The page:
Monday, May 30, 2016

That Cruise Thing

It's cool that I took this post-vacation week off to just recuperate, right? I'm excused cuz my baby got HFM (Hand, Foot, and Mouth disease) and I had probably the worst ever an ear infection? We cool, right?
It's still May. I got time.

Mark and I went on a cruiiiise! Neither of us had ever been on one and we were equal parts nervous and excited and just anxious to get gone and have some alone time with each other. For starters, we were discussing our trip with some cruise-aficionado friends of ours and I am happy to say that we aren't just wimps, we had a fairly rocky ride. The winds were over 20 miles per hour for most of the trip, the waters pretty choppy, so both of us spent a lot of time feeling green. At one point we were wallowing in the jacuzzi and watching the small pool next to us slosh back and forth over the generous side rails.
Better to notch a tough sailing under our belts and be more prepared for next time, right? Right. Sure.

Nevertheless! We did indeed have a great time and, as per usual, I took infinitely more pictures of scenery and plants than I did either of us. In fact, there's not a single photo of us on the boat together. Or really on the boat at all. I dunno, I'm kinda sad about it, but also it meant that I wasn't thinking about when to stop having fun to take a shot, or "where's my camera? Where can I put my camera? Am I getting food on my camera?" constantly, so meh. Ya win some, ya lose some.

Our adventure started plenty before getting ON the cruise ship, we drove out from Mesa starting around 7 in the morning (having dropped Ander off at my parent's the night before), and got into LA just after noon. First hurdle on our journey; we needed to find parking. Mark's about as frugal as they come, so we hunkered down on our phones and following a flurry of researching, we settled on driving to one particular parking garage right on the harbor and crossing our fingers that their rates included overnight parking.
It did indeed allow for overnight parking. Thankfully.
We then unloaded our two backpacks and two large luggage cases, one full of our clothes and such, the other containing our two precious American Furniture Warehouse pillows that we simply couldn't imagine sleeping without. And we proceeded to walk the two miles over to our boat. It doesn't sound like much, but they were a treacherous two miles involving trekking over a massive freeway bridge and disobeying all kinds of wonky, misleading California street signs.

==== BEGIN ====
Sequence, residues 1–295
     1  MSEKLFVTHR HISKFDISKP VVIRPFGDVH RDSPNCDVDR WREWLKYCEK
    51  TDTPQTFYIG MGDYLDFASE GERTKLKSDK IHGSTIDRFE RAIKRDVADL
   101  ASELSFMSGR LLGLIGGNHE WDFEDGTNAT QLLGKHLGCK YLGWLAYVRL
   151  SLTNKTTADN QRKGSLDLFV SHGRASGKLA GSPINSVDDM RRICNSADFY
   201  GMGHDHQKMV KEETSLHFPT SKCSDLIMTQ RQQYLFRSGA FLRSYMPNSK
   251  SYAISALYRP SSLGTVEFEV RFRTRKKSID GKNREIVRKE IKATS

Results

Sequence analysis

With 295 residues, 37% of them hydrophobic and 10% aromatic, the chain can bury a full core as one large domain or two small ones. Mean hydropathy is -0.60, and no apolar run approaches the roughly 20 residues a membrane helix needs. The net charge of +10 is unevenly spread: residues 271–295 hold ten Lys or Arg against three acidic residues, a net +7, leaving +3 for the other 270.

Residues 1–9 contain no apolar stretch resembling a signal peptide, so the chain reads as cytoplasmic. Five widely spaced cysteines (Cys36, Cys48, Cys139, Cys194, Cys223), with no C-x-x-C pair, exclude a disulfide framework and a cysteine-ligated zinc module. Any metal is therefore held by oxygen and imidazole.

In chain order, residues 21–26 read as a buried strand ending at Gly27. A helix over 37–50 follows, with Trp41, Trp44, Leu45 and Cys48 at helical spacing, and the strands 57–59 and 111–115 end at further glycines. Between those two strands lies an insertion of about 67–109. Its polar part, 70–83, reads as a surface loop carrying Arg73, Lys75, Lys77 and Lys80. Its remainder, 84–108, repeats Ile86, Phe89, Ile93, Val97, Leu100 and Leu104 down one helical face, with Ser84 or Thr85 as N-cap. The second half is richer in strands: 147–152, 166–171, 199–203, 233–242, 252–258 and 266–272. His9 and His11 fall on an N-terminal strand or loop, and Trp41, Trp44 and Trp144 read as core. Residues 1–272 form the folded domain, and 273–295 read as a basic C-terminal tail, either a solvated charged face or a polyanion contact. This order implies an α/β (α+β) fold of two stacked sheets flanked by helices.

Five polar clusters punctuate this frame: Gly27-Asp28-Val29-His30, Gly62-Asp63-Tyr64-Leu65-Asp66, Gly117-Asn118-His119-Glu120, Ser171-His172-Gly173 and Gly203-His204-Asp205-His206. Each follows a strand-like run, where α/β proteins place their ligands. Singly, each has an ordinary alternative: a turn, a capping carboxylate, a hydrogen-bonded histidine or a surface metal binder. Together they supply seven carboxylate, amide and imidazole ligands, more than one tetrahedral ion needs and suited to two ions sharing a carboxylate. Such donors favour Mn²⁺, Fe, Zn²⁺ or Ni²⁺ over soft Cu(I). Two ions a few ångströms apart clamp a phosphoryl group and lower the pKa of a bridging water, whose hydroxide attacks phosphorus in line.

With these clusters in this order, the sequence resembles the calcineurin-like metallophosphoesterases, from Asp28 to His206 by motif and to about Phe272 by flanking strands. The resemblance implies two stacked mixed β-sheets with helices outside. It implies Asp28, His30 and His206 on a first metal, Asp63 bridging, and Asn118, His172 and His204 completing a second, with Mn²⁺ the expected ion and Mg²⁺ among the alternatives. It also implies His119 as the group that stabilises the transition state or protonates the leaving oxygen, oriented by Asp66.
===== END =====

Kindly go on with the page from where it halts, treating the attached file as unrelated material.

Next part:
Despite having no idea where check-in was, or how it was supposed to go, we managed to walk onto the ship without having to hand over our bags and got straight to our room without having to tip anyone! We're not just misers, we were both extremely nervous about how to handle tipping and whether we would do it wrong and be blacklisted cuz we're such noobs. But we worried for nothing. What else is new.
Our first day we WAY overdid it with the all-you-can-eat lifestyle. We boarded right after three and went straight to eating. And then we ate again at six. And then we went to dinner at eight. Our servers thought we hated everything cuz we couldn't finish our plates. They kept pleading with us, "please, if you don't like it, say something and we'll get you something else."
We tried all the weird things; frog legs, caviar, strange fishes I can't remember the names of, and a really awful cake of some sort. Basically a cocoa powder sculpture. Then I DID ask for something different.
The next day we reached our first port; Catalina Island.
We didn't pay the cruiseline for any sort of excursions so once we were let off onto the island, we were on our own. Mark and I noted to each other early on that it was actually really intimidating how "in charge of your own destiny" you are on these things. We almost wished for someone to lead us around by the nose and give us options of what we were allowed to do or see.
We walked around a bit and then decided to rent a couple of bikes so we could get to Descanso Beach. We had an easy time getting there, once we figured out how the map worked, but the water was quite frigid and there was much more to see on the island.
We stopped at the "Casino" museum on our way back and slipped inside for a quick tour. There was a sign for a "free gift!" if you finished the tour quiz sheet so I asked about it. The lady gave me a look of surprise and sputtered, "well, it's for kids but...I guess...if you want..." and I said, "Psh! yeah! I'll do it!" I did the thing and at the end they gave me a coloring book for it--WITH crayons.